Listen to the radio, or just have it on in the background. If a film or TV programme is too much for you, watch a couple of ads or listen to a song. If reading a book is too challenging, read a newspaper or magazine article, a blog post, an ad. Ask questions – Germans just love Germansplaining and will be more than happy to help you out.
If “ich bin raus” is “I’m out”, is “ich bin rein” “I’m in”?
NEIN! Ich bin dabei!
If I can say “damit”, can I also say “darohne”?
Yes, for a lovably logical people, you’ll soon learn that the language can be anything but.
There are a multitude of apps out there to help you learn German - some are great, some are not, some are free, some have free components, others you have to pay for. The beauty of apps is that you can actually do something useful on your mobile phone instead of just walking around staring at it and getting in other people’s way. You can even start in your home country so you’re a bit more prepared for when you first set foot on German soil. So, quit the little game where you join the brightly coloured ball with the other brightly coloured balls and grow some balls in German instead; even five to ten minutes a day can make a big difference. Here are a few of the more popular apps:
In case you need more choice then here are some more options: Anki, Wordpic, DeutscheAcademey, Wie geht’s.
If you prefer to learn learn a language from a native speaker but you are not prepared to pay for it then tandem might be for you!
The best way to learn a language is to actually speak it! HelloTalk and Tandem connect you with native speakers you can chat to for free. Chat with language partners via text, voice recordings, voice calls, video calls! Built-in aids for translation, pronunciation, transliteration, and corrections make conversations run smoothly.
Write a letter or an email to a friend and ask them to correct it for you.
Ready to have your mind blown by the German language? Check out these idioms and be prepared to amaze and astound your friends!
Now it goes around the sausage.
Jetzt geht’s um die Wurst!
Shit just got real.
You are on the woodway.
Du bist auf dem Holzweg.
You’re barking up the wrong tree.
My hair stands up to the mountains.
Mir stehen die Haare zu Berge.
I’ve got goosebumps.
I understand only train station.
Ich verstehe nur Bahnhof.
I have no idea what you’re saying.
Sorry, but my German is under all pig.
Tut mir leid, aber mein Deutsch ist unter aller Sau.
Sorry, but my German is just the worst.
I think I spider.
Ich glaube, ich spinne.
I believe I’m dreaming.
The devil I will do!
Den Teufel werd ich tun!
I will not do that.
Come on. Jump over your shadow.
Komm schon, spring über deinen Schatten
Get out of your comfort zone.
You walk me animally on the cookie.
Du gehst mir tierisch auf den Keks.
You’re really getting on my nerves.
Holla, the wood fairy.
Holla die Waldfee.
Well, that’s unexpected.
I see black for you.
Ich sehe schwarz für dich.
I think you might be in trouble.
You are such a fear-rabbit.
Du bist so ein Angsthase.
You are such a scaredy cat.
You don’t tick correctly.
Du tickst doch nicht ganz richtig.
You’re not all there.
You don’t have all the cups in your cupboard.
Du hast doch nicht mehr alle Tassen im Schrank.
You’ve got a screw loose.
You have a bird.
Du hast doch einen Vogel.
You are crazy.
She had a circulation-together-break.
Sie hatte einen Kreislaufzusammenbruch.
I fall from all clouds.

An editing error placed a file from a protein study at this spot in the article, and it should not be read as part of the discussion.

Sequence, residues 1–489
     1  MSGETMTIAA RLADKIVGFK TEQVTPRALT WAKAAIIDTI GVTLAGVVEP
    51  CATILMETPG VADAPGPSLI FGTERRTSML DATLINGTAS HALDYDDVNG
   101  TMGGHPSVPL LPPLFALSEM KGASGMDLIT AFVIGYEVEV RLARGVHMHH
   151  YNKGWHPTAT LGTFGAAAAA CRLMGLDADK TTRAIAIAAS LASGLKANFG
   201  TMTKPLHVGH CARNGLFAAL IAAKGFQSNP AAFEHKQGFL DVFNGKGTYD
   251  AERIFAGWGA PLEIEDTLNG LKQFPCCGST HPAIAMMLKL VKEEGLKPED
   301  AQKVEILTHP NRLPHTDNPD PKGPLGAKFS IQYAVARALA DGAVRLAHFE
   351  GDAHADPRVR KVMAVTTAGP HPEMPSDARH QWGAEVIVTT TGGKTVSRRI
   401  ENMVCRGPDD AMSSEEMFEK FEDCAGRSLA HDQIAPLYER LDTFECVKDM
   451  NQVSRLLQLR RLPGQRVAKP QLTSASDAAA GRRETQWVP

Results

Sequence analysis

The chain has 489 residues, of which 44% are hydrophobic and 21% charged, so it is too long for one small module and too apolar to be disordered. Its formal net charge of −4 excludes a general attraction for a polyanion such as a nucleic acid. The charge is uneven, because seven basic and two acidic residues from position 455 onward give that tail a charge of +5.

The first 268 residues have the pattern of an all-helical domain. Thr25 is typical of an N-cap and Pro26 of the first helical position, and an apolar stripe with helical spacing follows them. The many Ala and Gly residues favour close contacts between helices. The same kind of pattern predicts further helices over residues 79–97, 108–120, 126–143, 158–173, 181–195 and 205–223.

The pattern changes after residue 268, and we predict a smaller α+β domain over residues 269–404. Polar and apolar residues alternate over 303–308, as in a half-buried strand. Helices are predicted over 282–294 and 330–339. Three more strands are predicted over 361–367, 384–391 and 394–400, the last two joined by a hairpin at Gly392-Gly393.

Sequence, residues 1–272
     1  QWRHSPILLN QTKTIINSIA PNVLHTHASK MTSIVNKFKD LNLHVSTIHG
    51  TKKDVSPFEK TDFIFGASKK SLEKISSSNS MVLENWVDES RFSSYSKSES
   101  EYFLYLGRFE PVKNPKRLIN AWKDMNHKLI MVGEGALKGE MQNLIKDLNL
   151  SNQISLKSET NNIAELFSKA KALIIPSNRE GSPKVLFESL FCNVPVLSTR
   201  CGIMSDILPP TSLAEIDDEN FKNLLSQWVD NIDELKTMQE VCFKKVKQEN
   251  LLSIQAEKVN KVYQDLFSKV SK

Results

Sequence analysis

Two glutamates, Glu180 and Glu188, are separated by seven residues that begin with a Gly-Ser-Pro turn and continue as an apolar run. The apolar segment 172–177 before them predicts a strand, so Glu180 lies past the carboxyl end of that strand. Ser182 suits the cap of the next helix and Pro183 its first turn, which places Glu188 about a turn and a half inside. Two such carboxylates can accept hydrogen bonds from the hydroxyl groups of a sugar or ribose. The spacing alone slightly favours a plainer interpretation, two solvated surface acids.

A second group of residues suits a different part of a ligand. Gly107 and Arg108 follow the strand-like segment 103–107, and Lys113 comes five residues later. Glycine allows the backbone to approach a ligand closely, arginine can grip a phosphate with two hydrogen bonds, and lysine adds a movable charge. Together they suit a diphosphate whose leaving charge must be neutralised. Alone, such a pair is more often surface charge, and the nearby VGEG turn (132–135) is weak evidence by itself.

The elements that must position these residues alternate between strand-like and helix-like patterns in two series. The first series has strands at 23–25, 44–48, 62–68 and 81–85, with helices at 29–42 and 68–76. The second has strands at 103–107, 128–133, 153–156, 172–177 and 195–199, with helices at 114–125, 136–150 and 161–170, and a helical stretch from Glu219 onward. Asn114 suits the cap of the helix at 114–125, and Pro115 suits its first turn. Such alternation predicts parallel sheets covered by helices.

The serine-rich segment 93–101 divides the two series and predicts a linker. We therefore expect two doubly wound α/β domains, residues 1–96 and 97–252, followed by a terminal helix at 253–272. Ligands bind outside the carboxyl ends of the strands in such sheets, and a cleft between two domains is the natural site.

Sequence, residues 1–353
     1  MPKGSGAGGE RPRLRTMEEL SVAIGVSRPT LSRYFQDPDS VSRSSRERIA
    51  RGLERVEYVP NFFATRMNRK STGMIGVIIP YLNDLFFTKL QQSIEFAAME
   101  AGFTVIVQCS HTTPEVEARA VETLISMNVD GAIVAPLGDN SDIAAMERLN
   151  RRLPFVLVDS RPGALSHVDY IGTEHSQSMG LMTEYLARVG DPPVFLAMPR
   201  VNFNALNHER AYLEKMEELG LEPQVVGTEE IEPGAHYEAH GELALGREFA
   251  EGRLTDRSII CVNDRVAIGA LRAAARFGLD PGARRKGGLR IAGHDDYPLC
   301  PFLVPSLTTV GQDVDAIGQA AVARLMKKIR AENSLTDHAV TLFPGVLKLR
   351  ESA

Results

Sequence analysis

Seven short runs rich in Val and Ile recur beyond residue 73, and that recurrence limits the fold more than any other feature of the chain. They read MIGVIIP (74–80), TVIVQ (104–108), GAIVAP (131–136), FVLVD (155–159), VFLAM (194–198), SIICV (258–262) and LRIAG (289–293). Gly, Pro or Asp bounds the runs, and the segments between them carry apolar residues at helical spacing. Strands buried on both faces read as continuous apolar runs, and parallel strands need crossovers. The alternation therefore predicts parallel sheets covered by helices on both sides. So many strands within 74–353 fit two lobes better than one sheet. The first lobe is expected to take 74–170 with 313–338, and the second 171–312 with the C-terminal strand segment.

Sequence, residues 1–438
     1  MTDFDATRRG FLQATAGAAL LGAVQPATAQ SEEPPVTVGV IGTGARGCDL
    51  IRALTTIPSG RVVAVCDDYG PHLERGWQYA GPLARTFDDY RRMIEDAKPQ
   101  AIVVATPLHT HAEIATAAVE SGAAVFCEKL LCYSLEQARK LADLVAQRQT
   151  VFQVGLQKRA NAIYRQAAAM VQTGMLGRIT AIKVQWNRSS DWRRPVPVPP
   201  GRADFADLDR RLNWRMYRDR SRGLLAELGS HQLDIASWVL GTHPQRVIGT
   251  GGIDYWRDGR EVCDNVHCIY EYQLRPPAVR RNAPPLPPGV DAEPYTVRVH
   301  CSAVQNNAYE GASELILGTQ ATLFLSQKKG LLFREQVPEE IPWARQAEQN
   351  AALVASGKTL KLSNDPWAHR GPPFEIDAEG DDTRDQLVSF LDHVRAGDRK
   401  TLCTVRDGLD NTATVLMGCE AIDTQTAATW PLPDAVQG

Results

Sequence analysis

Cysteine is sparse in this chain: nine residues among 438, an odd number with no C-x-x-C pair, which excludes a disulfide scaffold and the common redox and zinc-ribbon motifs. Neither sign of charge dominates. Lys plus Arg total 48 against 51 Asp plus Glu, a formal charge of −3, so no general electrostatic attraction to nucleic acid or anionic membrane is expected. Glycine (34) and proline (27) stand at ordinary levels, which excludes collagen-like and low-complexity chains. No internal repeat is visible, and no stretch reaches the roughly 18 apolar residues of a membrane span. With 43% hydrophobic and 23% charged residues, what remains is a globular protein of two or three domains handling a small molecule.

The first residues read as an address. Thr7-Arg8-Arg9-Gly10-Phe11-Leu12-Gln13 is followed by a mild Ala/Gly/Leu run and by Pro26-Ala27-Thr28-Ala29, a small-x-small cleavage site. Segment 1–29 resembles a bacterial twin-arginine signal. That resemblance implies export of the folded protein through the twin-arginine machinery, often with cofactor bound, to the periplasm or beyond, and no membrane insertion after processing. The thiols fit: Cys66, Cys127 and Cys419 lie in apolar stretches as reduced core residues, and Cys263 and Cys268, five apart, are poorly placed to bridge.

Ich falle aus allen Wolken.
I did not expect this.
No one can reach me the water.
Niemand kann mir das Wasser reichen.
Nobody is better than me.
This is not the yellow from the egg.
Das ist nicht das Gelbe vom Ei.
This is not the best.
It runs me icecold down my back.
Es läuft mir eiskalt den Rücken runter.
My blood runs cold.
Ich bin fuchsteufelswild.
I’m super angry.
That makes me nobody so quicker after.
Das macht mir so schnell keiner nach.
No one can do what I just did so easily.
Now we have the salad.
Nun haben wir den Salat.
Well, here we have what we deserve.
I think my pig is whistling.
Ich glaube mein Schwein pfeift.
I believe I’m dreaming.
Even with the best will in the world and all of the aids that are available, you’ll probably still sound like a bit of a simpleton in the beginning. But just think how much entertainment you’ll provide to your German friends as you directly translate from your mother tongue. “Es ist nicht vorbei bis die dicke Frau singt” (it ain’t over ‘til the fat lady sings) or “wir spielen das beim Ohr” (we’ll play it by ear) – of course neither of these work in German but it’s always fun to watch a German keel over in laughter. Keep at it, keep asking questions, keep trying new things. Have fun with it, and don’t be afraid to make mistakes or laugh at yourself. If you’re losing sleep over die, der, das, a muttered “d…” sound could save your life. You’ll get there in the end!
If you can pronounce “Tschechische Chemiker auf Griechisch-Chinesischen Passageschiffen”. And when this makes perfect sense to you: wenn Fliegen hinter Fliegen fliegen fliegen Fliegen Fliegen nach. Then you only need to level up and get yourself properly insured. Your average German has at least five home contents insurance policies and fifteen private liability insurance policies so, if you want to be like a real German, you should too. Click here to get some insurance.
Heard horror stories about people being ripped off by locksmiths? Unfortunately, it does happen as Linda O’Grady, co-author of “From the Bürgeramt to the Bedroom” found out. So that the same thing doesn’t happen to you, read our 4-point guide to finding a reputable locksmith at the end of the article.
The good news is that the number of burglaries in Germany is decreasing - and around half of all burglary attempts fail. Unfortunately, that means around 50% succeed and you could be in the unlucky half. Read on to find out what you can do to protect yourself and your belongings from burglars.